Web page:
FT-IR spectra were performed to demonstrate the successful loading of DOX (Supplementary Figure S11). Next, we studied the drug release behaviors of our CSD-MOFs@DOX. Cumulative release profiles were performed under buffers of different pH values (7.4, 6.2, and 5.0) and different temperatures (37 and 43.5 ºC). Results showed that CSD-MOFs exhibit pH responsive DOX release property. Smallest release amount of DOX was observed at pH 7.4. With the reduction of pH value, the DOX release percentage increased. The accelerated release of DOX with the temperature increase from 37 ºC to 43.5 ºC should be attributed to the diffusion of the drug molecular under high temperatures (Figure 5a). We then wondered whether NIR-induced photothermal heating could also trigger drug release from nanoparticles. CSD-MOFs@DOX samples in pH 5.0 and 7.4 solutions were irradiated by the 808 nm laser (1.6 W cm-2, 5 min) at different points. Compared with DOX released without laser irradiation, the DOX release with NIR-stimulus was dramatically enhanced. Moreover, with same laser irradiation, the DOX release at the lower pH value (5.0) seemed to be more obvious compared to that physiological pH (7.4) (Figure 5b). The pH-responsive release profile is greatly beneficial to minimizing the side effects of chemotherapeutics and enhancing the antitumor efficiency considering the lower pH value in the microenvironment of tumor sites. The NIR-triggered drug release would be more effective once nanoparticles are internalized by tumor cells. TEM images were taken to further illustrate the degradation of the drug delivery system. Results indicated the morphology of the outer ZIF-8 suffers more obvious collapse under lower pH condition (Figure 5c-e).
Previous works indicated that Prussian blue analogues possess similar photoluminescence properties as carbon dots [11, 18]. Thus we wonder whether the CSD-MOFs would exhibit similar property. HeLa cells became brightly illuminated with multicolor images when they were excited with 403, 488nm single-photon laser and 750 nm two-photon laser pulses (Figure 6a). For subcellular localization, the HeLa cells were transfected with lysosomal-associated membrane protein mCherry-LAMP-1 and then incubated with CSD-MOFs for 24 h. Result showed that the green fluorescence from CSD-MOFs and the red fluorescence from mCherry-LAMP-1 are overlapped, demonstrating intracellular localization of CSD-MOFs are localized in endosomes/lysosomes. Besides, DOX is a fluorescent anticancer drug . Herein, we also conducted in vitro fluorescence images of CSD-MOFs@DOX (Supplementary Figure S12). Results showed not only the blue and green fluorescence of CSD-MOFs but also the red fluorescence of DOX.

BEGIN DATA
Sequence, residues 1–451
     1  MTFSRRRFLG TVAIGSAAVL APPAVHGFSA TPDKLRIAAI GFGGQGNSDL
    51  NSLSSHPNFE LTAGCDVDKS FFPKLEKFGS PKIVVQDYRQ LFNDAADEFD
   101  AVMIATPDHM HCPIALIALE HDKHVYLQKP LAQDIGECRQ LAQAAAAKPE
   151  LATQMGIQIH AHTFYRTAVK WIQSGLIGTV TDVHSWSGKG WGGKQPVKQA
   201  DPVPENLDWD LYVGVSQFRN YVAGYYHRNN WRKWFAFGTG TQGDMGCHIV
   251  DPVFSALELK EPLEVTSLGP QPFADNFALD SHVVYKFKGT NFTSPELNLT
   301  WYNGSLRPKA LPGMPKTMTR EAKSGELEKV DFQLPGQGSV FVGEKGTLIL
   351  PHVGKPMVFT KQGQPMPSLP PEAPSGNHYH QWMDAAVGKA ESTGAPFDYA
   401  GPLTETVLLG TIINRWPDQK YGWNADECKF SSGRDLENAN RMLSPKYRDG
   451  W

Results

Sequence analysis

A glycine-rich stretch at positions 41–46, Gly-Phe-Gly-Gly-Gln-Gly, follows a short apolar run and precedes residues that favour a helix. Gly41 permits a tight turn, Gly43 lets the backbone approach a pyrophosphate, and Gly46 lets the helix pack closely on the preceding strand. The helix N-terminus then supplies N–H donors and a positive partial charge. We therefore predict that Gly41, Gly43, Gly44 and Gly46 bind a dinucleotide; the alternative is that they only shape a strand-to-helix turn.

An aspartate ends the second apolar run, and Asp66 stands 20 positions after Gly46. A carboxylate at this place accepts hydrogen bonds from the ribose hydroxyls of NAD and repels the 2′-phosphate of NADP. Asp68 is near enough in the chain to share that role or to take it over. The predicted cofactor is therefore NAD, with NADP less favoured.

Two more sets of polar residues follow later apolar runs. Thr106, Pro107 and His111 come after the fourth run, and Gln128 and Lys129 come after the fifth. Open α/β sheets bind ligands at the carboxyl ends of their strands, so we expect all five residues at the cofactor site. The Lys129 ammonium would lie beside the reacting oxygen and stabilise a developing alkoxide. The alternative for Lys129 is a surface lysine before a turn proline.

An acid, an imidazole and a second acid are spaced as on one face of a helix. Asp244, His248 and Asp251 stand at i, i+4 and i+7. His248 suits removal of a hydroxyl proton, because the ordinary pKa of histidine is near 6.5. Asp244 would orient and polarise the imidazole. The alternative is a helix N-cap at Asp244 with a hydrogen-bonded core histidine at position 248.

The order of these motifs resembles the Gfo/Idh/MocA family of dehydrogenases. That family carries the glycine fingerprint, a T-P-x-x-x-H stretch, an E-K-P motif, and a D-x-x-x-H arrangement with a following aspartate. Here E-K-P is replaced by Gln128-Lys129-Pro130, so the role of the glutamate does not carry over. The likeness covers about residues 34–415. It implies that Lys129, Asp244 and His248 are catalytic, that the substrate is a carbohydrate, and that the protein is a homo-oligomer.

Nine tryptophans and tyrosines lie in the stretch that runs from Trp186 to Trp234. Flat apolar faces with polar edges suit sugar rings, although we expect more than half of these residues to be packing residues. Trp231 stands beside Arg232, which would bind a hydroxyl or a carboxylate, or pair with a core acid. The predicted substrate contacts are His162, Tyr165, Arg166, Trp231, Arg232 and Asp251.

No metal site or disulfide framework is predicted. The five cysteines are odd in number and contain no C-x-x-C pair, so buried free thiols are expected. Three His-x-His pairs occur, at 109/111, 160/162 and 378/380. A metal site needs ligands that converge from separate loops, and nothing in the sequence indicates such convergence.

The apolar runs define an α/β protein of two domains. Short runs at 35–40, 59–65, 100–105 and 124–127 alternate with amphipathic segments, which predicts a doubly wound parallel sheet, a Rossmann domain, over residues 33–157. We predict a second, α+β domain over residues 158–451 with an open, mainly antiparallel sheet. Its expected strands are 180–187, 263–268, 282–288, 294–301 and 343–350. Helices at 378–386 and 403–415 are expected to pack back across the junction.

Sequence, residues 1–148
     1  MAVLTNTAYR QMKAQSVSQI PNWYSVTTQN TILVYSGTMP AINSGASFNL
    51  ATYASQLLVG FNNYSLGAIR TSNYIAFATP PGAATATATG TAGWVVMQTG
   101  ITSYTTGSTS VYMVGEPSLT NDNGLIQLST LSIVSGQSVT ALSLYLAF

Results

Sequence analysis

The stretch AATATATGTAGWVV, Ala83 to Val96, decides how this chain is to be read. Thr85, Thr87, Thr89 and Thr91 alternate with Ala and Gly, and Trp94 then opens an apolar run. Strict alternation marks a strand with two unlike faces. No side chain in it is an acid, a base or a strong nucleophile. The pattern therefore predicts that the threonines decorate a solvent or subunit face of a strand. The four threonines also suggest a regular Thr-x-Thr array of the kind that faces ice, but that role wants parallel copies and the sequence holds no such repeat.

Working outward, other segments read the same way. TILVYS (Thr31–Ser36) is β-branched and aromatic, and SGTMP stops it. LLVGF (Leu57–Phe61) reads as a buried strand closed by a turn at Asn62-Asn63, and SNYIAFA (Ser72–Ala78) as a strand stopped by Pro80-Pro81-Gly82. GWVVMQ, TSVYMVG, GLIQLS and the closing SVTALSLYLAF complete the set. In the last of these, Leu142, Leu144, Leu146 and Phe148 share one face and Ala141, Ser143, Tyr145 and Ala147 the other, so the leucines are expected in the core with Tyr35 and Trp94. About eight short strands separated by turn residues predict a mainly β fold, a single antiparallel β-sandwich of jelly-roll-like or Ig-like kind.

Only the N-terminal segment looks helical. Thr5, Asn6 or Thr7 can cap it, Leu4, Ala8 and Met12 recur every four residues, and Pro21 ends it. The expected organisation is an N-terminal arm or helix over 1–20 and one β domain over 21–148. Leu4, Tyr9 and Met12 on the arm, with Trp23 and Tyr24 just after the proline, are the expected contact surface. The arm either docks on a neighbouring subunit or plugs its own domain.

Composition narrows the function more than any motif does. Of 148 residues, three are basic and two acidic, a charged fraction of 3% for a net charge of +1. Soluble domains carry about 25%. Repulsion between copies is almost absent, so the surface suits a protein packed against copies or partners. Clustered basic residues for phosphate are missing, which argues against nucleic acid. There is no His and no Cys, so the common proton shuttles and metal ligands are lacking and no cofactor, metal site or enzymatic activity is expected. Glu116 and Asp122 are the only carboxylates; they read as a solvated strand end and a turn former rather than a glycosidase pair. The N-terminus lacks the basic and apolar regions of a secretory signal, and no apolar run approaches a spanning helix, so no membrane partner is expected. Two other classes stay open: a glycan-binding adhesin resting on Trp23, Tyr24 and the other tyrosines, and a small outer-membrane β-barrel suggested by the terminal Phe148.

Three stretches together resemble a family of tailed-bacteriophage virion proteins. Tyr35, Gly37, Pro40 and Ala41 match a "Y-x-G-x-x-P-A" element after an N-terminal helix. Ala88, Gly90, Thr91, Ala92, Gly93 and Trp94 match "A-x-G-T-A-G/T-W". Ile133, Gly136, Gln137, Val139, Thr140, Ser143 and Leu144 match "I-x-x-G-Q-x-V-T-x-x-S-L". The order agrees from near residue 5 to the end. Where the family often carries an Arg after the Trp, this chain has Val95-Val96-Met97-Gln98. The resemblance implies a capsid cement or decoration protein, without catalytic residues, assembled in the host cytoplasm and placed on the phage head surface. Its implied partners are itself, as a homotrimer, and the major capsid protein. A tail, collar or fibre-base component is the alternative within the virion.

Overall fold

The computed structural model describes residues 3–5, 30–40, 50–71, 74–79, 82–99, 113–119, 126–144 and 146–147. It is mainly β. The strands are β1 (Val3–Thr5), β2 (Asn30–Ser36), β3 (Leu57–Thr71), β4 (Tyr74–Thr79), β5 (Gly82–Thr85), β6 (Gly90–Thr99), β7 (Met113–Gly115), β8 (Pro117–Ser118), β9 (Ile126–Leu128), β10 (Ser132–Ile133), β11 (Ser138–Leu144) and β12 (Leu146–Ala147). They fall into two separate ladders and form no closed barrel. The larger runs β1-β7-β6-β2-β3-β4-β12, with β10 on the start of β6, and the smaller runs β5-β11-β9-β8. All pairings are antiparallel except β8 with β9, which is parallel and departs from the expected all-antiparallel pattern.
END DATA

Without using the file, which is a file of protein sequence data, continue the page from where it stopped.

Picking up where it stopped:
Due to its unique Fe(Ⅱ)-C≡N-Fe(Ⅲ) structure (Fe(Ⅱ) is low spin (S=0) and Fe(Ⅲ) is high spin (S=5/2)), Prussian blue nanoparticles can serve both T1 and T2 MR imaging contrast agent . For in vitro test, serial dilutions were tested under a 3 T MR scanner and showed a concentration-dependent effect (Figure 6c, 6d). The r1 and r2 values of our CSD-MOFs nanocubes were measured to be 2.04 mM-1 s-1 and 22.87 mM-1 s-1, both of which are higher than that of PB nanoparticles (r1=0.314 mM-1 s-1, r2=15.50 mM-1 s-1) (Figure 6e, Supplementary Figure S13). The r1 value of CSD-MOFs witnesses a remarkable enhancement compared with pure PB. According to Solomon-Bloembergen-Morgan (SBM) theory, inner-sphere and outer-sphere mechanisms contribute to the paramagnetic relaxation enhancement of r1 value of CSD-MOFs. The interaction between lattice water and Fe(Ⅱ) highly affects the longitudinal relaxivity. Therefore, a well-known inner sphere T1 relaxation of the inner PB and water molecules can be generated.
Subsequently, in vivo MR images were also conducted. T1- and T2*-weighted MR images of tumor at time points of pre-injection, 30 min, and 24 h post-injection of CSD-MOFs nanocubes were obtained (Figure 6f, 6g). Compared with the pre-injected imaged, both T1-weighted and T2*-weighted images of tumor exhibited enhanced signal at 24 h post-injection due to the enhanced permeability and retention effect (EPR) effect . Herein, it should be noted that nanoparticles with large particle size (>10 nm) are often cleared by the reticuloendothelial system (RES), especially through Kupffer cells [52-54]. As shown in Figure 6g, the MR signal of liver becomes darker, which suggests that liver is the major organ for the metabolism and clearance of the as-prepared CSD-MOFs, consistent with previous studies on T2 MR imaging contrast agents [55, 56]. These results confirmed the high-performance of CSD-MOFs nanocubes as T1/T2 dual-modal contrast agent.
(a) DOX release from CSD-MOFs@DOX at different pH and temperature values. (b) NIR-triggered release of DOX. The samples were irradiated with an NIR laser (1.6 W cm-2) for 5 min at different time points as indicated by the arrows. (c-e) TEM images of the DOX@CSD-MOFs after drug release at pH = 7.4, 6.2 and 5.0, respectively. Error bars were based on triplicated measurements.